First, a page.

Coming to terms with my ADHD and everything that any lifelong/invisible condition entails has been the single best education I have had in my 10 years of being a doctor.
I got diagnosed at age of 30 after reading The Atlantic article on ADHD in women and realising the author's story could have been lifted from my own life.
And so, a million pennies dropped at once. The lifelong difficulty concentrating, coordinating and prioritising; the never-ending generation of clutter, physical and mental; the outsized sense of defeat at supposedly simple everyday tasks; the time blindness - all feeding into this walking ball of shame that had somehow bluffed her way through a much-coveted degree into a highly respected, high-skills, high-stakes profession (and spiralling closet depression).
Could it be that I wasn't just feckless, fatally flawed and a total fraud? And could it be that there was an answer to the interminable, internal, hitherto hypothetical question, "why AM I like this?". The good news: yes, there was an answer. This condition had a name, a proven neurobiological basis, and was an actual thing that could now be treated. What a time to be alive!
The more ambiguous news: my sojourn to this side of the patient-provider equation was not, as I had naively envisioned, going to end with a magic bullet that would make me 'normal' overnight. This was just the start of a dizzying merry-go-round of pills and appointments, the physical and metaphorical sensation of being thrown ever more off-balance compounded by minimisation and lack of understanding, both from myself and others.
Getting a diagnosis was supposed to help me get better; instead, I went and failed at that, too. If I couldn't be fixed, what business did I have trying to fix other people, and what was the point in carrying on?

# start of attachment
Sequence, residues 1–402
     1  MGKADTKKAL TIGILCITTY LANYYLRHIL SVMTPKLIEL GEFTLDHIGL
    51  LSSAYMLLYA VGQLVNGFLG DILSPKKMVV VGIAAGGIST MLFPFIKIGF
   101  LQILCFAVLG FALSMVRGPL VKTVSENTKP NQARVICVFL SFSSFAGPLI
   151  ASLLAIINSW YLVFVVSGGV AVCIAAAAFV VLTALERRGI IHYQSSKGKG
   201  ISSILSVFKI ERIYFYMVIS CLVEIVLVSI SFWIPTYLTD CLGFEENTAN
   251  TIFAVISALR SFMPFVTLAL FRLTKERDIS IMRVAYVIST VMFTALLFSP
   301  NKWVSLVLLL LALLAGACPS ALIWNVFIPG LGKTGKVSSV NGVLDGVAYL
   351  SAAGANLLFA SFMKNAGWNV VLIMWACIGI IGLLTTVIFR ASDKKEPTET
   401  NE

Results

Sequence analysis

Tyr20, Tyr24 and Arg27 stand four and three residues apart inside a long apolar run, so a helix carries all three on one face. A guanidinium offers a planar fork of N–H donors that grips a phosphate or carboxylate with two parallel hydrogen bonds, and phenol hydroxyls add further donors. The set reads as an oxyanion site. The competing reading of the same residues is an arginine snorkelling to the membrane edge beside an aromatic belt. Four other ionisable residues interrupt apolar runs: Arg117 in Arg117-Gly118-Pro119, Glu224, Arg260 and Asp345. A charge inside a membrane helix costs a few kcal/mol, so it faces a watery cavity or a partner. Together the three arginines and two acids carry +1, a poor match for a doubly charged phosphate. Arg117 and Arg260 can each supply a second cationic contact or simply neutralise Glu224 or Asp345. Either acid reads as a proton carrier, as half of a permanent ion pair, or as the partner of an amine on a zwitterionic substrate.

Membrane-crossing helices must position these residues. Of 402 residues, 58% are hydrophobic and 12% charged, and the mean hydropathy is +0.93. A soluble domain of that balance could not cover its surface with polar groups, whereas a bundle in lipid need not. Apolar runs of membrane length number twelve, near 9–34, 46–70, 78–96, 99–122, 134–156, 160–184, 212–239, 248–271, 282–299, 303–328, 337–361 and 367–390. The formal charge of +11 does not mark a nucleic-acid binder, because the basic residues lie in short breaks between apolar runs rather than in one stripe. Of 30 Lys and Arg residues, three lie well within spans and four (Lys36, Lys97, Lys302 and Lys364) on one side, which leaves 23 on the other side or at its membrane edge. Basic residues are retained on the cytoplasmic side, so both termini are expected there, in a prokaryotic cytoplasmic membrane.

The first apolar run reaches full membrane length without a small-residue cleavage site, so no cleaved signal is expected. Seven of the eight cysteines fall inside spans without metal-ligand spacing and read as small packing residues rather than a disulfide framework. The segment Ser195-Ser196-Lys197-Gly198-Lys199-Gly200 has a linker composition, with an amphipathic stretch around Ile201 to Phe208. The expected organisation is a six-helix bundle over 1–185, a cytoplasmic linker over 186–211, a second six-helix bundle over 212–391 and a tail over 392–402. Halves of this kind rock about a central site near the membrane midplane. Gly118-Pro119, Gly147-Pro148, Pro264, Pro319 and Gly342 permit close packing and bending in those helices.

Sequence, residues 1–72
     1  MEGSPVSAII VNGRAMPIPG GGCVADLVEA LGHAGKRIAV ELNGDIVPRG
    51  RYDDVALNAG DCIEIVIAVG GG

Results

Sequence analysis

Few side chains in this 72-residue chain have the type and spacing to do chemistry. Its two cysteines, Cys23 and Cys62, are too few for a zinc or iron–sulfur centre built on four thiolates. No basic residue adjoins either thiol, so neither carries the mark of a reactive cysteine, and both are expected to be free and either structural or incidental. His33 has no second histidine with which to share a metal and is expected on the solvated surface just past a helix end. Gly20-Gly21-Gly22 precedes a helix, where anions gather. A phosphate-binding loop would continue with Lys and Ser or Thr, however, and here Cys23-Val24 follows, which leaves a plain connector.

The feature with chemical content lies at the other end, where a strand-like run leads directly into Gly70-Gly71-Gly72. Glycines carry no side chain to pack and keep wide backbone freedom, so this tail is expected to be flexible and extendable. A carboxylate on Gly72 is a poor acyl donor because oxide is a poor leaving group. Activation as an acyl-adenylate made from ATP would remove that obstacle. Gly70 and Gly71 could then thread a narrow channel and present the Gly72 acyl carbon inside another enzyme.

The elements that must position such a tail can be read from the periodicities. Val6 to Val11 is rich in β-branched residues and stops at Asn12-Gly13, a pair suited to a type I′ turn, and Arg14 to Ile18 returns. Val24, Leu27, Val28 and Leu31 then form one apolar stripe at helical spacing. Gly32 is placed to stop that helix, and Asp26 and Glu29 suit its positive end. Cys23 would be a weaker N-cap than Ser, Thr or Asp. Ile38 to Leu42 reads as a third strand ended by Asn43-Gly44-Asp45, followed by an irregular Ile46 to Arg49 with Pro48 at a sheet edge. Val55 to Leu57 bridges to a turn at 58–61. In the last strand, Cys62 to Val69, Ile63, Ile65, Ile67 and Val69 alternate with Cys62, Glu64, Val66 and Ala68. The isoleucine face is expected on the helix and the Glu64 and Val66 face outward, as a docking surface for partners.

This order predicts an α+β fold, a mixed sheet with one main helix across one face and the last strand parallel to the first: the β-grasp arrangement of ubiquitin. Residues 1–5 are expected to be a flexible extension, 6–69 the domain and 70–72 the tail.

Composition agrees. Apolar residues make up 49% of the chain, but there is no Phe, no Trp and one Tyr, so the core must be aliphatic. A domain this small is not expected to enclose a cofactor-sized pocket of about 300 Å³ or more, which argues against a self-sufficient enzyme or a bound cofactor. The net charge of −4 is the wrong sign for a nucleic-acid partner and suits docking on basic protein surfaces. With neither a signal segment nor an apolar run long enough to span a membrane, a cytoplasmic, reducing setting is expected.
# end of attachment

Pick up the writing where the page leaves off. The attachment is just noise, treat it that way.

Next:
And so, I burnt out. Big time. And yet the wilderness of this experience has led me to the greatest opportunity: a forced hard reset a chance to recalibrate, to clarify my values and to live by them. Above all I learnt first-hand the power of showing up - for oneself and for others - and to recognise the bravery it takes to vocalise vulnerability. For a cry for help is just that: a cry for help. When the proverbial tree falls in a forest it does make a sound, but then that sound is gone. If we fail to listen - by talking over them because we have all the answers, or dismissing their pain with exhortations to "think positive", or avoiding them because we "don't know what to say" - that person may never ask for help again. Stripped of voice and agency, they will fall, alone. It is so easy to do better - all we have to do is to truly see each other, and reach in so we can all stand tall, together.
As I take tiny, tentative steps back out into the world, I can only think: whatever happens next, this education was worth it.